Economic performance and monetary policies in Australia and New Zealand are now on vastly divergent paths, and the New Zealand dollar is soaring while the recent Aussie recovery falls on hard times.
It was night of marked contrasts in Asian session trade as the two Tasman Sea neighbors went their separate ways, with NZDUSD soaring in the wake of the Reserve Bank of New Zealand (RBNZ) meeting that hinted at a rate hike in 2014, while AUDUSD dropped more than 100 points after Australian labor data missed expectations by a very wide margin.
See related: A Central Bank Policy Like No Other
In New Zealand, the RBNZ kept rates on hold, as expected, but noted that it is likely to raise rates in 2014. The central bank stated that the global growth outlook is mixed, with GDP growth in China and Australia slowing.
Nevertheless, the RBNZ is greatly concerned with the bubble building up in the nation’s housing market, stating that it does not "want to see financial or price stability compromised by continued high house price inflation. Restrictions on high loan-to-value residential mortgage lending, which will come into effect next month, are expected to help slow the national housing market."
There is concern among New Zealand monetary policymakers that these "macroprudential controls" are not working as well they should be, and therefore, the authorities may resort to a rate hike to clamp down on asset price inflation.
The RBNZ may do so despite concerns that the New Zealand dollar (NZD) exchange rate remains high, thus hurting terms of trade. RBNZ Governor Graeme Wheeler repeatedly stressed that point yesterday, but the currency market ignored the jawboning and bid NZDUSD to fresh weekly highs of .8150.
Woeful Labor Data Tanks Aussie
Meanwhile, just across the water, the situation in Australia was strikingly different as Australian labor data disappointed the market, missing as the economy lost jobs in August despite anticipated gains. Employment contracted by -10.8K versus 10K expected, and the underlying data was even worse than the headlines, with full-time employment losing another -2.6K after a loss of -6.7K in July. Part-time jobs declined -8.2K versus -3.5K in July.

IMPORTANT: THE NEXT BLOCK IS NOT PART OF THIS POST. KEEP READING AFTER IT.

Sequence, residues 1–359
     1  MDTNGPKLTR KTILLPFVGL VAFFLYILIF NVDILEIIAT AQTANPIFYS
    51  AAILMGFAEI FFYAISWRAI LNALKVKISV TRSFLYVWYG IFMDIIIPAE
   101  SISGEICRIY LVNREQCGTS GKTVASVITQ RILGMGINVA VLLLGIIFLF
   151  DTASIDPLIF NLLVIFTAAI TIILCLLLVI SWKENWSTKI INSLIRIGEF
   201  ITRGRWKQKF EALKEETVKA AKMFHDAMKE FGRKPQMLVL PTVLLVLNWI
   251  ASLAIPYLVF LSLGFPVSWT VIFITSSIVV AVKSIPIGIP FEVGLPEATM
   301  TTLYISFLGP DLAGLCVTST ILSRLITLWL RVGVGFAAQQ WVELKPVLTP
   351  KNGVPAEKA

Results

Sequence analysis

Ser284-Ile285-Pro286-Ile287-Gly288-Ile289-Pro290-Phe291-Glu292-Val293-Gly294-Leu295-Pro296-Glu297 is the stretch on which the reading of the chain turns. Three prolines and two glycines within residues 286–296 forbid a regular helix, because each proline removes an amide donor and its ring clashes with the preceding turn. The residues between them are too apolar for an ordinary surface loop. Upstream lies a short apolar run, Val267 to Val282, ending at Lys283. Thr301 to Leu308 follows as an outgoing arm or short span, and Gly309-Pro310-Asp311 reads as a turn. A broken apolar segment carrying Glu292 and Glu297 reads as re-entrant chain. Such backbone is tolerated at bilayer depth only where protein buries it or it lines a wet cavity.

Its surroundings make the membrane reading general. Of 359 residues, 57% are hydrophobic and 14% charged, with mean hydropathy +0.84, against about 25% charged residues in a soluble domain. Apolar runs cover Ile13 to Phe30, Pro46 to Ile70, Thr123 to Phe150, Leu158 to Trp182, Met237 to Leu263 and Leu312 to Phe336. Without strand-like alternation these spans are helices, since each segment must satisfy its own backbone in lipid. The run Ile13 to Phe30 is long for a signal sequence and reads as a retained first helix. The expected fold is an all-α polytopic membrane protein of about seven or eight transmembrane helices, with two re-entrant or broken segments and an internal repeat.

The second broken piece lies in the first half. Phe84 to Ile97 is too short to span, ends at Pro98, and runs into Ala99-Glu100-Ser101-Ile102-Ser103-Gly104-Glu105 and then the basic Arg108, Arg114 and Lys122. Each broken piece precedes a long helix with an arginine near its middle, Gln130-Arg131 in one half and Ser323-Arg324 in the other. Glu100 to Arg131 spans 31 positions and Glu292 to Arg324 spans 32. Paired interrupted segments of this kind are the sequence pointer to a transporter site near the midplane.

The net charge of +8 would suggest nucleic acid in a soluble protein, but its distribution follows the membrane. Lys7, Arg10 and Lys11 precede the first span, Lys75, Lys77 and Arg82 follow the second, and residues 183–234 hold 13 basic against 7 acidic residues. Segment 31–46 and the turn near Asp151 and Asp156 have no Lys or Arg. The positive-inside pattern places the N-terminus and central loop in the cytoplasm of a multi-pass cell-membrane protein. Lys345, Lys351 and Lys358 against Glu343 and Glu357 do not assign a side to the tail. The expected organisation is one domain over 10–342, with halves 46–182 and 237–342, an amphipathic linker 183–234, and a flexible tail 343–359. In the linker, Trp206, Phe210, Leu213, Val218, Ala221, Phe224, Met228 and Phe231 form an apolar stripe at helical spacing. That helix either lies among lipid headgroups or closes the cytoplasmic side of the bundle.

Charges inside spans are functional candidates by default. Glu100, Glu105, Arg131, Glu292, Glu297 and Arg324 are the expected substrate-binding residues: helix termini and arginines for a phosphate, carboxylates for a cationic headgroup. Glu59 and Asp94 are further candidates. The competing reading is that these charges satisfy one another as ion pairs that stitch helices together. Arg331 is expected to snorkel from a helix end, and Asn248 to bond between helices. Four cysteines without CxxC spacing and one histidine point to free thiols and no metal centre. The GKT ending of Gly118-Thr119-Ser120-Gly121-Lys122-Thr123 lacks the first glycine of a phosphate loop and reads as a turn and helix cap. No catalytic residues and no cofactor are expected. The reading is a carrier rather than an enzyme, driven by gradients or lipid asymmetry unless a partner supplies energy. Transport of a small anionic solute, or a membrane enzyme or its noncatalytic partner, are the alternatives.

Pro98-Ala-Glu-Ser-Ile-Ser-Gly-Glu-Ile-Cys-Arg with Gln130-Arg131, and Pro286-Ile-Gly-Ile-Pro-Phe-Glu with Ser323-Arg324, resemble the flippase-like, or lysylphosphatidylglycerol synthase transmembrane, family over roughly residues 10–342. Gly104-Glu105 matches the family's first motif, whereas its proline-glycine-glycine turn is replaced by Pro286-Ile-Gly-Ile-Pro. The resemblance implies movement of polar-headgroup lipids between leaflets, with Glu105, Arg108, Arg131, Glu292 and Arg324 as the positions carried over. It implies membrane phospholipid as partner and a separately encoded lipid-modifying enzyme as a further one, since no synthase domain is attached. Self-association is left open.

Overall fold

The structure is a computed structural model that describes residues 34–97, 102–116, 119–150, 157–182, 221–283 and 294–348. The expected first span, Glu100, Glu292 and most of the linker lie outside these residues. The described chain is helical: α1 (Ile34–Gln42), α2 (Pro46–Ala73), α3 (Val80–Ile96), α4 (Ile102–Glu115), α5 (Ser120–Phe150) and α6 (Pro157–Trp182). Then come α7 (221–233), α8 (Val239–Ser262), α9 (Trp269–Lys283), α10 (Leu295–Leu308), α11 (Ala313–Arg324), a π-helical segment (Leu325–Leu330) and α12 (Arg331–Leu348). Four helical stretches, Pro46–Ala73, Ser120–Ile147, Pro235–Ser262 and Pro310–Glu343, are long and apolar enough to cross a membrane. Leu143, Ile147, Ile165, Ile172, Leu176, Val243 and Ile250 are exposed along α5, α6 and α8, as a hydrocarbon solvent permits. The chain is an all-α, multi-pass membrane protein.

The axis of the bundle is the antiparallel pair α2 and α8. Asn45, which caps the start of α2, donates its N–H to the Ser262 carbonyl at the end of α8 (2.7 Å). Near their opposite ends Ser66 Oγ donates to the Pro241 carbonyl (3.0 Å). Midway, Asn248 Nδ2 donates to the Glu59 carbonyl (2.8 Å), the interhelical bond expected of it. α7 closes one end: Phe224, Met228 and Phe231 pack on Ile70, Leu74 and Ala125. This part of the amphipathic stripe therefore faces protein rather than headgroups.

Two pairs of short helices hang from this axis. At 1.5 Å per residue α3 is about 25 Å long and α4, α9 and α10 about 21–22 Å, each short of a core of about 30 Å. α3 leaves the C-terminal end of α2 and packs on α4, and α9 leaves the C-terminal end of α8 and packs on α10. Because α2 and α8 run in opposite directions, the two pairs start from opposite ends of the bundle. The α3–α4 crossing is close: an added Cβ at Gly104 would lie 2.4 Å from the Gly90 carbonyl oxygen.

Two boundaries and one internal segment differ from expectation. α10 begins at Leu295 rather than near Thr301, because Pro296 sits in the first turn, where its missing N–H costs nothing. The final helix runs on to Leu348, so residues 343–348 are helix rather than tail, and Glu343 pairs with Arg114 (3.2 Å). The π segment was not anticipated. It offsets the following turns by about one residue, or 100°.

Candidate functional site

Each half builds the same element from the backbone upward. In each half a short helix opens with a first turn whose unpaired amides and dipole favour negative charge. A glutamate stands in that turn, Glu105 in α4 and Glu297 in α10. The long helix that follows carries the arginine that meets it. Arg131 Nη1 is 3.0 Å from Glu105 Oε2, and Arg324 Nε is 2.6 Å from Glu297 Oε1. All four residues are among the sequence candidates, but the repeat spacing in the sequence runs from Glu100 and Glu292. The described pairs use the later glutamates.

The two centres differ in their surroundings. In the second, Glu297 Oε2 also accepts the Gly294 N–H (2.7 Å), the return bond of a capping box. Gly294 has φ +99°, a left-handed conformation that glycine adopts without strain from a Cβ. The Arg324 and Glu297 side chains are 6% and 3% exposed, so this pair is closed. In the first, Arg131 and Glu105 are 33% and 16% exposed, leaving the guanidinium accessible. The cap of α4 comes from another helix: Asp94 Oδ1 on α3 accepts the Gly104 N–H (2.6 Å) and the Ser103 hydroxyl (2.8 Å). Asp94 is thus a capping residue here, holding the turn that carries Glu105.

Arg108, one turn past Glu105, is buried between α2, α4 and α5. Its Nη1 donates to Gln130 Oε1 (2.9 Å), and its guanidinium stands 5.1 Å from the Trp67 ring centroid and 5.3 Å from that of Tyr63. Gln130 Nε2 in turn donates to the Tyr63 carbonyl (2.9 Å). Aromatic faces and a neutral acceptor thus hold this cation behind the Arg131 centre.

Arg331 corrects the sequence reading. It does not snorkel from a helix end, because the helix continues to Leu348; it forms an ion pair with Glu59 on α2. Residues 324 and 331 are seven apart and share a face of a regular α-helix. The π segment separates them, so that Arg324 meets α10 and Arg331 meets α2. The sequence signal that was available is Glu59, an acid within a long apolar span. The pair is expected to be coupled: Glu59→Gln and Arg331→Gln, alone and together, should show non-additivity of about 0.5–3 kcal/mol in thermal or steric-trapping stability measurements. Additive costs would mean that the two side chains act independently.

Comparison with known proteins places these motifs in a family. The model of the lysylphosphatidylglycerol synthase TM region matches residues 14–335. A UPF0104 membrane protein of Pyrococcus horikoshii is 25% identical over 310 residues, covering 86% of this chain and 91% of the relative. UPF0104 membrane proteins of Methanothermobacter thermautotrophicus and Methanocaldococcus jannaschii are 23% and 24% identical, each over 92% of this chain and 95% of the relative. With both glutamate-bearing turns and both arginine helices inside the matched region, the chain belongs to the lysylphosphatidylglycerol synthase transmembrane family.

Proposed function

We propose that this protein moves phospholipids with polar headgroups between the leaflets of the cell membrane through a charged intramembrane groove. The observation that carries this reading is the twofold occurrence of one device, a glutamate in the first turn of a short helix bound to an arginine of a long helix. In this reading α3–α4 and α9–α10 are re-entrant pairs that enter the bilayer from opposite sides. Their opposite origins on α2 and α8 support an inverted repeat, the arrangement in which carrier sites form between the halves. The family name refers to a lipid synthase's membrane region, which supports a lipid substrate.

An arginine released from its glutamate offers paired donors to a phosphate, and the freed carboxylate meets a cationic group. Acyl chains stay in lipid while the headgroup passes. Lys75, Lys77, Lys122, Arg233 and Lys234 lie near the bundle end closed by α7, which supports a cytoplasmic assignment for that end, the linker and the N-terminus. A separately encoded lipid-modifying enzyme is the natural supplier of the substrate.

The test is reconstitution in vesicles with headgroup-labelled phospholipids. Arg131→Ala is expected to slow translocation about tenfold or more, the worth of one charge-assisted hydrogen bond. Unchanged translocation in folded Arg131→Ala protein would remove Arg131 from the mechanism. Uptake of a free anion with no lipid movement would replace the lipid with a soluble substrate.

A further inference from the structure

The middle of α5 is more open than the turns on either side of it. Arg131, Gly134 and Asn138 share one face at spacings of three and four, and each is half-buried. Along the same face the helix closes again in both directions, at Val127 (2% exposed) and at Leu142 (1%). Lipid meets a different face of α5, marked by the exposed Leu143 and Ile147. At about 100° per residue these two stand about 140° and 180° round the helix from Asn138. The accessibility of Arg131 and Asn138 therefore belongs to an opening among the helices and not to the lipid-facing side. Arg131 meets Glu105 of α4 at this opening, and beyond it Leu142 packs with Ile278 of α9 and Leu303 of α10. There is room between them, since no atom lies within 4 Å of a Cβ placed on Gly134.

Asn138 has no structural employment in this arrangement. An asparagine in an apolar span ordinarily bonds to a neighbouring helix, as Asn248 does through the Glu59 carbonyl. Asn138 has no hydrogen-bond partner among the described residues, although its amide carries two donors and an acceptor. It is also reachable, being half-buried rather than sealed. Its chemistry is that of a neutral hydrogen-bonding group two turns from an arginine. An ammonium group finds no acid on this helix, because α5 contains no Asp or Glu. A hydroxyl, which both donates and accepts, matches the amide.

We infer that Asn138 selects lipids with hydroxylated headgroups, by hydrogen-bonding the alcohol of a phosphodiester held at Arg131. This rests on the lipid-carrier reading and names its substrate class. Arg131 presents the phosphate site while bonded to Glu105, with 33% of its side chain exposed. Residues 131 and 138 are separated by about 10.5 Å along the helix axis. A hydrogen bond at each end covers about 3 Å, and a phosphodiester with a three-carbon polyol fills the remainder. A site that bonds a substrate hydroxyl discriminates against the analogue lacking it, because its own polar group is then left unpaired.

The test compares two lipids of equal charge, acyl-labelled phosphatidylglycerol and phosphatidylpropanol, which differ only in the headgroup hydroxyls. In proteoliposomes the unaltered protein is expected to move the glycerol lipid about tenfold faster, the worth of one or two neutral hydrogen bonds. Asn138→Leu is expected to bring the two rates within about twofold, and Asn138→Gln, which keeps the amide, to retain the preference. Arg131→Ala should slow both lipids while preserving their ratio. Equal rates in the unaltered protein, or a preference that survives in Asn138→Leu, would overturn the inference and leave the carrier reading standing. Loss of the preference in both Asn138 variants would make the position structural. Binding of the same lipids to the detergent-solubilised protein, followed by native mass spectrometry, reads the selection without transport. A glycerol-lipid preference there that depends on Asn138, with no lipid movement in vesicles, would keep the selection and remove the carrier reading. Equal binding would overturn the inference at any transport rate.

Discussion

The Australian unemployment rate printed at 5.8%, as expected, but that was only because labor participation shrunk to 65% from 65.2% expected. This was the lowest level of participation since 2007, clearly suggesting that the great Australian economic boom is over.
The news put a serious crimp in the AUDUSD recovery rally, with the pair dropping to a low of .9233 in the aftermath of the release. The Australian dollar (AUD) has been a relatively strong performer over the past week or so, as concerns over the hard landing in China and further rate cuts from the Reserve Bank of Australia (RBA) receded from the market.
However, today’s weak labor data puts the issue of rate cuts back on the table. With demand likely to contract as employment conditions deteriorate, the RBA may have no choice but to accommodate further before the end of this year, and such a move could put further downward pressure on the Aussie.
Problem Data from the Eurozone, too
Meanwhile, in Europe, the economic calendar was relatively quiet, but the sharp drop in EU industrial production kept EURUSD on the defensive, with the pair dipping back below the 1.3300 level. Industrial production fell by -1.5% versus -0.1% expected with a particularly bad reading out of Italy.
The news shows that the Eurozone recovery remains hesitant and uneven, which in turn is likely to keep the EURUSD confined to its current range.
The Lone US Data Point for Today
In North America today, only US weekly jobless claims are due, and claims are anticipated to rise to 332K from 323K the month prior. The weekly claims have been on a steady trend lower and have been one of the key supporting points for the US economic recovery.
If today's data shows a marked deterioration, USDJPY could come under further selling pressure with the pair targeting the 99.00 figure as the day progresses.
By Boris Schlossberg of BK Asset Management
- Finance Trading
- Reserve Bank of New Zealand